Archive for June 26th, 2009

ABCDE Conference 2009

June 26, 2009

World Bank hosts this popular conference every year. It is called ABCDE (Annual (World) Bank Confernce on Development Economics). The 2009 conference was held in Korea and the papers are here

The papers on Indsutrial Policy look  quite good (haven’t seen others). The paper by Ha-Joon Chang, University of Cambridge is titled as – Industrial Policy: Can We Go Beyond an Unproductive Confrontation?

🙂  This is needed for almost everything in economics.

OECD Free E-book on International Trade

June 26, 2009

I received an email from a visitor about this free e-bookfrom OECD which serves as a primer on International Trade. It is written by Patrick Love (OECD economist; can’t find his profile page) and Ralph Lattimore.

The visitor is promoting the book and thought it might be useful for Mostly Economics Readers. The other visitors can see the book in case they find it interesting.

I will try and write a review later on the book in the blog.


This blog is not used for any advertisement purposes. However, if visitors have useful eco/fin related e-books which could be useful for ME readers, I don’t mind adding it on the blog.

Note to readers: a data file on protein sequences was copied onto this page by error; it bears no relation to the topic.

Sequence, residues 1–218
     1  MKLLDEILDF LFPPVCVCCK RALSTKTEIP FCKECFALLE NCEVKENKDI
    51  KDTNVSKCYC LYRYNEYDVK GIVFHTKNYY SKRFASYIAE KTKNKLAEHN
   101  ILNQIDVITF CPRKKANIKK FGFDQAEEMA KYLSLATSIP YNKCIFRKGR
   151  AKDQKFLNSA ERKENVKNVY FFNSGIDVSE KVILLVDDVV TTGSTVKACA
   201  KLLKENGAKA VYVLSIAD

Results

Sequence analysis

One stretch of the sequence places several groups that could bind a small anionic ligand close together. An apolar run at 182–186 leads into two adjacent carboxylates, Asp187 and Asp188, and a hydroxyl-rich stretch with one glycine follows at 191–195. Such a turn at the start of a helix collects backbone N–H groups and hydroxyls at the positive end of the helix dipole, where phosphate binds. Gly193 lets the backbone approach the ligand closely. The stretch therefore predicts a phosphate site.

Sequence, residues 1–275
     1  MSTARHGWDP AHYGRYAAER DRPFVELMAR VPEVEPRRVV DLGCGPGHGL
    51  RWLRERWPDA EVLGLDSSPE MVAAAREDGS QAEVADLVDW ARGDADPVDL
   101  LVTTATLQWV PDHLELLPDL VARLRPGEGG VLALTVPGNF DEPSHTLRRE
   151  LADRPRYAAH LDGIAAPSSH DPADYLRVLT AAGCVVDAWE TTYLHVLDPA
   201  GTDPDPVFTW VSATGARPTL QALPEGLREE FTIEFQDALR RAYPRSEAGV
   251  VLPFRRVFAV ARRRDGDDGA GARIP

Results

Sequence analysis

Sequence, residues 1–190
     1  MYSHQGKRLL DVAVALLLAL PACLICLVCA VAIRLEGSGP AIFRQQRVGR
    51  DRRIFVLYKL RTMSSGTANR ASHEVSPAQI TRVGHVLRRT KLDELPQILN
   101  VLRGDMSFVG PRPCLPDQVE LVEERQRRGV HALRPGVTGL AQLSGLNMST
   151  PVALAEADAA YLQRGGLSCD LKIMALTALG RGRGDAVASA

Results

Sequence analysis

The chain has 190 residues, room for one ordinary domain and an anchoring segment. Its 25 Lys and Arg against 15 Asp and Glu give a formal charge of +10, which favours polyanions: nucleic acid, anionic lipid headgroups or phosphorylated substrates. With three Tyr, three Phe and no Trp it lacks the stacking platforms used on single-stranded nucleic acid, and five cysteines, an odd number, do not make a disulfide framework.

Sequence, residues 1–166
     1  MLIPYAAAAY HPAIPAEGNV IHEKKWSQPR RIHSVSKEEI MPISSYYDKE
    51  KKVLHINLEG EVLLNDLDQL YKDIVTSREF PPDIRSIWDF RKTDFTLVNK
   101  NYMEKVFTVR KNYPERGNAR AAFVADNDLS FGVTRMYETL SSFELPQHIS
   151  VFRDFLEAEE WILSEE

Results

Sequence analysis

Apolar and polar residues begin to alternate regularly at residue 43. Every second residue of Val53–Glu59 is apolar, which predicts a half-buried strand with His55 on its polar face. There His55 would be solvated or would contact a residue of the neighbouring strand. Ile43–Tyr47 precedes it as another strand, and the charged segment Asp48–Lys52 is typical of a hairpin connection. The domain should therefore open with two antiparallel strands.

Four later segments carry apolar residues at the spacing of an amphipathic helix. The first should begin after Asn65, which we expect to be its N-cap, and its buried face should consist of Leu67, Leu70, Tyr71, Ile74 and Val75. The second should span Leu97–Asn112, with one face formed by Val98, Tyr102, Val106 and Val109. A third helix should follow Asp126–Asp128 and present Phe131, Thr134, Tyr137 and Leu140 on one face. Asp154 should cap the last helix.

Was Adam Smith a behavioral economist as well!

June 26, 2009

Yes Indeed! Nava Ashraf, Colin F. Camerer and. George Loewenstein say so in this paper.

Adam Smith’s The Wealth of Nations, first published in 1776, helped create the discipline of economics with its conjuring of the invisible hand, self-interest, and other explanations of market forces that have influenced academics, governments, and business leaders ever since. But it’s the insights from one of Smith’s earlier works, The Theory of Moral Sentiments, that caught the attention of Harvard Business School professor Nava Ashraf and coauthors Colin Camerer and George Loewenstein.

In “Adam Smith, Behavioral Economist,” published in the summer 2005 edition of The Journal of Economic Perspectives, the authors find that Smith’s insights from 1759 can contribute to modern thinking on everything from our fascination with celebrity to the theory of loss aversion. In fact, says Ashraf, Moral Sentiments presages the emerging field of behavioral economics.

Nava Ashraf explains in this HBSWK interview:

Ann Cullen: How did you and your coauthors come to be interested in this lesser known publication of Adam Smith?